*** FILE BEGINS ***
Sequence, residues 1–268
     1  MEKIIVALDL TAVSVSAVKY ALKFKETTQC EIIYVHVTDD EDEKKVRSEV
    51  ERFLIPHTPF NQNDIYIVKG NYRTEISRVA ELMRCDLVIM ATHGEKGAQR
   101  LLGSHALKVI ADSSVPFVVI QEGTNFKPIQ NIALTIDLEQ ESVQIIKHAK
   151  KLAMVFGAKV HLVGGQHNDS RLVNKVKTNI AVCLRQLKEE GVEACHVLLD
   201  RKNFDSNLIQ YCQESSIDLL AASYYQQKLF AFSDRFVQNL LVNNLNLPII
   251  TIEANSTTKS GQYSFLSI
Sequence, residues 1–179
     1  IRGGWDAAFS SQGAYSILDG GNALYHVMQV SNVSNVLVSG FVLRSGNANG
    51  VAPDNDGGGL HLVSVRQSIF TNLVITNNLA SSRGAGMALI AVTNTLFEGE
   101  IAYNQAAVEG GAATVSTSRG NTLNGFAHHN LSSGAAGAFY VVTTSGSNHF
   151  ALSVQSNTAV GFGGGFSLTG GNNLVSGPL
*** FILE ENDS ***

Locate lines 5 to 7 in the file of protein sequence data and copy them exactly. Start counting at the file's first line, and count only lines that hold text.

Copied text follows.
   151  KLAMVFGAKV HLVGGQHNDS RLVNKVKTNI AVCLRQLKEE GVEACHVLLD
   201  RKNFDSNLIQ YCQESSIDLL AASYYQQKLF AFSDRFVQNL LVNNLNLPII
   251  TIEANSTTKS GQYSFLSI